Majestic opening ceremony of giant new Feadship facility in Amsterdam Eco-friendly superyacht yard opened by Queen Máxima

Feadship officially opened its brand-new, purpose-built superyacht facility in the port of Amsterdam on 16 May in the presence of Her Majesty Queen Máxima and some 2500 members of the workforce. The spectacular ceremony saw the culmination of five years of meticulous planning, design and construction on the second Royal Van Lent yard (and the fourth Feadship facility in the Netherlands), which will now be used to build and refit Feadships of up to 160 metres in length.

Measuring an impressive 425,000 cubic metres, the facility is the most eco-friendly superyacht yard in the world and the pinnacle of contemporary design. Before entering the giant construction hall, Queen Máxima was introduced to Dick Van Lent, the fourth generation of his family to have led the yard until his retirement in 2016. This year marks the 170th anniversary of Royal Van Lent, one of the two yachtbuilding family dynasties that makes up Feadship along with Koninklijke De Vries Scheepsbouw in Aalsmeer and Makkum.

Her Majesty then viewed nineteen classic yachts presented along the quay, all members of the Feadship Heritage Fleet. She also met young graduates from the Feadship Academy and several generations of family members who work at the Royal Van Lent yard in Kaag. Royal Van Lent director Peter van Mil – who managed the build project – showed Queen Máxima how solar panels, district heating and LED lighting have enhanced the energy efficiency of the new facilities. Last but not least, Bram Jongepier, senior specialist at De Voogt Naval Architects, explained the innovative and sustainable approach that Feadship takes to building superyachts.

After the royal party had entered the state-of-the-art construction hall, a number of key speakers shared their vision on this milestone moment in superyacht history.“ This new facility will allow Feadship to stay at the cutting edge of innovation and continue to build superyachts that will change history,” said Toni Belloni, Group Managing Director of LVMH (owner of Royal Van Lent). “LMVH always prides itself on employing the finest artisans, and it is certain that the best yachtbuilders in the world are working for Feadship Royal Van Lent.”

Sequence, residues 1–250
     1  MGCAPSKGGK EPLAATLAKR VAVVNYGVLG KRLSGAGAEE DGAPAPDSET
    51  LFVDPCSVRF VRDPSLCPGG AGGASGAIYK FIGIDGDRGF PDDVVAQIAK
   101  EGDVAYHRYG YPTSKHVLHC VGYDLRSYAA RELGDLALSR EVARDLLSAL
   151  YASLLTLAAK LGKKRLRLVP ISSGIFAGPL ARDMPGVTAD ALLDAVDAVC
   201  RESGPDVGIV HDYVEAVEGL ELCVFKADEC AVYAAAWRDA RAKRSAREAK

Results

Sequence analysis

Koen Overtoom, general director of Port of Amsterdam explained how thrilled his organisation was to welcome such an incredible yachtbuilding operation into the heart of the Dutch capital. “The knowledge, craftsmanship and employment opportunities will further strengthen the port of Amsterdam and its surrounding regions. In the 1600s there were 26 boatbuilders located here, with three new vessels being launched every week and many thousands of people employed. This shipbuilding is in our DNA and four centuries later you can see the passion in the amazing superyachts created by Feadship.”

Jan-Bart Verkuyl, CEO of Royal Van Lent, concluded the speeches by thanking the Port of Amsterdam for its cooperation over the past years and the dedication of all those who had been involved in building the yard. “As we celebrate our 170th anniversary, our predecessors could never have imagined such an exceptional facility. Almost everything has changed over the years, but the one thing that has remained consistent is the skills of the workforce. Their constant desire to make things better has allowed Feadship to become the world’s leading superyacht brand.”

The facility in Amsterdam will operate in tandem with the Royal Van Lent yard on Kaag Island, which continues to run at full capacity. The two yards will share the same management team and corporate culture, with 450 skilled employees from a wide range of outfitting and refit disciplines moving between the facilities as and when required. A further 150 new jobs have been created for highly skilled yacht builders, a demand which is in part being met by the award-winning Feadship Academy training schools. The first project is already underway in Amsterdam as construction moves forward on an 88-metre Feadship currently known as Project 816.